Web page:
BURBANK, California Bambi will soon have lots of new friends at the Walt Disney Co.
The entertainment giant on Monday announced the launch of a new film label, Disneynature, dedicated to producing wildlife and environmental documentaries for the big screen, starting with a 2009 U.S. release titled "Earth."
The new venture marks one of the most conspicuous moves by a major Hollywood studio to capitalize on growing public fondness for all things green since the 2006 success of Al Gore's global warming documentary, "An Inconvenient Truth."
"Our goal is to bring event films, as only nature can tell, to audiences around the world and for generations to come," Dick Cook, chairman of the Walt Disney Studios, said in unveiling the production banner on the Disney lot in Burbank, California.
Cook said he expected Disneynature to produce roughly one film for commercial release each year.
The new label will be run by Jean-Francois Camilleri, a veteran France-based Disney executive who co-produced the surprise 2005 hit "March of the Penguins," which won the Oscar for best documentary the year before "Inconvenient Truth" did.
The first U.S. release from the new venture, slated to debut on Earth Day, April 22, 2009, is titled "Earth," adapted from popular BBC television series "Planet Earth."
Narrated by actor James Earl Jones, it will explore animal migration patterns, focusing on the journeys of polar bears, elephants and humpback whales over the course of a single year.
Shot over 2,000 days in more than 200 locations spanning every continent, it marks an unprecedented achievement in nature movies, said its British producer-director, Alastair Fothergill, whose credits include acclaimed marine documentary series "The Blue Planet."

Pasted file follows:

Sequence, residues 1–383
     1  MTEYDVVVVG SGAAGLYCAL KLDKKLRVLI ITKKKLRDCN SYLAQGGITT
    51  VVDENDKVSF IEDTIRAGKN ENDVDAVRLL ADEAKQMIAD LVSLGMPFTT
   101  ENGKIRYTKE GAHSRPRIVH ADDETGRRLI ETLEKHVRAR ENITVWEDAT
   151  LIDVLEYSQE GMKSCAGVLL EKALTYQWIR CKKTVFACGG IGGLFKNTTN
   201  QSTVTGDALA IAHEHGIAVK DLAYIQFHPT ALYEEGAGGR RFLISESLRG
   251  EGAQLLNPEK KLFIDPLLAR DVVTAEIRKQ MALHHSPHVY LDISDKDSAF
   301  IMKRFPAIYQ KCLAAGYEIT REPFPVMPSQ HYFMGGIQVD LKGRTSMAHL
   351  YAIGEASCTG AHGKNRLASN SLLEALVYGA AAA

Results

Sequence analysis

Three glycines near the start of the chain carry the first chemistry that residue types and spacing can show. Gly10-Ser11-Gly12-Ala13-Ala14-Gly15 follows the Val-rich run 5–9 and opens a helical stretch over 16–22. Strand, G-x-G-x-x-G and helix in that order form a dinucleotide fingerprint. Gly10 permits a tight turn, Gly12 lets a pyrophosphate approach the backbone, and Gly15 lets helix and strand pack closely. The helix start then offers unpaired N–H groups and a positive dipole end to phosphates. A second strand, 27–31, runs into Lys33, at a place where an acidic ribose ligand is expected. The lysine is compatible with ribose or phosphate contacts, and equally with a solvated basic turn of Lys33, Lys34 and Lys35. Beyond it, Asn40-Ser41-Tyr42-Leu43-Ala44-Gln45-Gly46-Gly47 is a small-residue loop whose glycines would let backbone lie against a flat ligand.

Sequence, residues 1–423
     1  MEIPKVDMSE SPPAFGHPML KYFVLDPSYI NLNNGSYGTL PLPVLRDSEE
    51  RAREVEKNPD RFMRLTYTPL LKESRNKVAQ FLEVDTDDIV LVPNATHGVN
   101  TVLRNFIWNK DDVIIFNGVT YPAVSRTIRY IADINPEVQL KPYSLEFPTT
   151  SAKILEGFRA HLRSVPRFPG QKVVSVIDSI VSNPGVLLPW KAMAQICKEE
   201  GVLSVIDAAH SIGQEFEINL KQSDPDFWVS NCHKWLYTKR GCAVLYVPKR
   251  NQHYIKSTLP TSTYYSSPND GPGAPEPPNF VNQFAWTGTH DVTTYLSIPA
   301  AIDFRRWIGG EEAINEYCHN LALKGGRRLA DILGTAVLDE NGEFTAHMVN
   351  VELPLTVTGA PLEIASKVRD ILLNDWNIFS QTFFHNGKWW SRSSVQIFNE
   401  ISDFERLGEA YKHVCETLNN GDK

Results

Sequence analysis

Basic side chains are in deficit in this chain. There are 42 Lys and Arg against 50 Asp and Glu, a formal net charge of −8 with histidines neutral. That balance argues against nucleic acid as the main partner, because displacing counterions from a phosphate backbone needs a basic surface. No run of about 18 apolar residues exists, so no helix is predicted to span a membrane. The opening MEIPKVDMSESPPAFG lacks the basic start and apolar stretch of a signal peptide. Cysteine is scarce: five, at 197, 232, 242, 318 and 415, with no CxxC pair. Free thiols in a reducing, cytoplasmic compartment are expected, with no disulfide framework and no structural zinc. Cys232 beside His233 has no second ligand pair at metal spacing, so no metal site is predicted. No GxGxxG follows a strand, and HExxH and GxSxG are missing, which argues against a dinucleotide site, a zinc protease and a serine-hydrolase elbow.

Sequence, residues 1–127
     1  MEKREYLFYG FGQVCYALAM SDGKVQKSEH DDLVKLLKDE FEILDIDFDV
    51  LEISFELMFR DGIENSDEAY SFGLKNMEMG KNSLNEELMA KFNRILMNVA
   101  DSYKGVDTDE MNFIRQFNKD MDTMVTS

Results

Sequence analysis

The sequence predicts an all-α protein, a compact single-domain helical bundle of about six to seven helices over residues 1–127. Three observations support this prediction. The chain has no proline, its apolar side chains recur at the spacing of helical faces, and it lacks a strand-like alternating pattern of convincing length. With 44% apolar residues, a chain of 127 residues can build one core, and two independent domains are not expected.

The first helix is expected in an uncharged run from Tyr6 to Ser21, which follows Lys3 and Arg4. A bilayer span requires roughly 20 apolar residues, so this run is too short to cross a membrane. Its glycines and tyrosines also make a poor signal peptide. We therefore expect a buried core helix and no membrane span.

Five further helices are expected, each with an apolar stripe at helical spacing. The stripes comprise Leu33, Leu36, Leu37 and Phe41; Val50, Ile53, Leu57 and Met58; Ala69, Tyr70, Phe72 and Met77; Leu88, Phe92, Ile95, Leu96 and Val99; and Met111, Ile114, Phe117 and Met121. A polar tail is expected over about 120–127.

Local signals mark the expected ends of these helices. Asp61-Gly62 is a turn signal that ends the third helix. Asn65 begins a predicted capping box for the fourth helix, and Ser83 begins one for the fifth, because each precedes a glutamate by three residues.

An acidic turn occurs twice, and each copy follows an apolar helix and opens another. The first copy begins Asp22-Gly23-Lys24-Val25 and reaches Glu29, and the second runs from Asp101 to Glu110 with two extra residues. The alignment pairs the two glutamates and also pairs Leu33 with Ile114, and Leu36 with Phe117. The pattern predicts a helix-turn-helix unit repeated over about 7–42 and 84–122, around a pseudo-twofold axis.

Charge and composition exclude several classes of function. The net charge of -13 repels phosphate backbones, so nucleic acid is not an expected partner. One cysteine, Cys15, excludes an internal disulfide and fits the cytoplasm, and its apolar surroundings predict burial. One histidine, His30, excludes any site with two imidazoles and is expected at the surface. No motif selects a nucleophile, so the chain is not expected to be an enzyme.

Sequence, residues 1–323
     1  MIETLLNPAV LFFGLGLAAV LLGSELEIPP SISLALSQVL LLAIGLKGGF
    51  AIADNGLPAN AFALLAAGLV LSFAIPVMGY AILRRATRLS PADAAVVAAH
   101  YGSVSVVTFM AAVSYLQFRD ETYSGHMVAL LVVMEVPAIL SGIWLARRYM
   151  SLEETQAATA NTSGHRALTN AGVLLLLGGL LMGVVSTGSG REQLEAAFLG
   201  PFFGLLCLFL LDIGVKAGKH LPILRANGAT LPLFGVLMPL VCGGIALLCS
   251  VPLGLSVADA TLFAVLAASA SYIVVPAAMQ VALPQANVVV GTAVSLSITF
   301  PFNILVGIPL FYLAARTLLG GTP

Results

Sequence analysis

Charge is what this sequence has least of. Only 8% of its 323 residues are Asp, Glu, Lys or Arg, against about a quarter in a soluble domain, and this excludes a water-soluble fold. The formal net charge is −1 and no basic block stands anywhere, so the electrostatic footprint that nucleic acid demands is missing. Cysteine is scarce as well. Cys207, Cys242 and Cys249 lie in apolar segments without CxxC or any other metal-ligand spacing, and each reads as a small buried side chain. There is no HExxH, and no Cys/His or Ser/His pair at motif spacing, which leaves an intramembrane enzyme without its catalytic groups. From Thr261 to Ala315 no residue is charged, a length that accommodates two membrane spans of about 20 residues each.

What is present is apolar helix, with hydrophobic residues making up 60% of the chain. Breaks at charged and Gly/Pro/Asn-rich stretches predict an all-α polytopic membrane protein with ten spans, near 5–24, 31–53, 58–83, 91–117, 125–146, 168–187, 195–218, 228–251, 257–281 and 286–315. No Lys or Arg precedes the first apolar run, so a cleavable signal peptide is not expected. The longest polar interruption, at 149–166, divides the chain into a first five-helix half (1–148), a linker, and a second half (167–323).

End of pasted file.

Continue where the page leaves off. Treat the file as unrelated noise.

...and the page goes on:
"Nobody has spent so much time, ever, making a wildlife film," he said, adding that he has long felt confined by the medium of TV as a nature documentarian. "Cinema is the place that does justice to the natural world."
Besides aerial and underwater photography, "Earth" features intimate glimpses of wildlife made possible by new technology that allows helicopter-mounted cameras to capture close-ups of animals from a greater distance than ever before.
Similarly "The Crimson Wing: Mystery of the Flamingos," scheduled to open in France in December 2008, will take viewers to the remote shores of a Tanzanian lake where fewer humans have ventured than have set foot on the moon, the filmmakers said.
Other films in the Disneynature development slate include "Chimpanzee" and "Big Cats," both set in Africa and co-directed by Fothergill; the undersea exploration "Oceans," from French co-directors Jacques Perrin ("The Winged Migration") and Jacques Cluzaud; and a time-lapse spectacle of flowering plants, "Naked Beauty: A Love that Feeds the Earth."
Disney executives said the new label follows a progression in the company's history that began in 1942 with the release of its animated wildlife classic "Bambi" and continued with its "True-Life Adventures" documentary series from 1948-1960.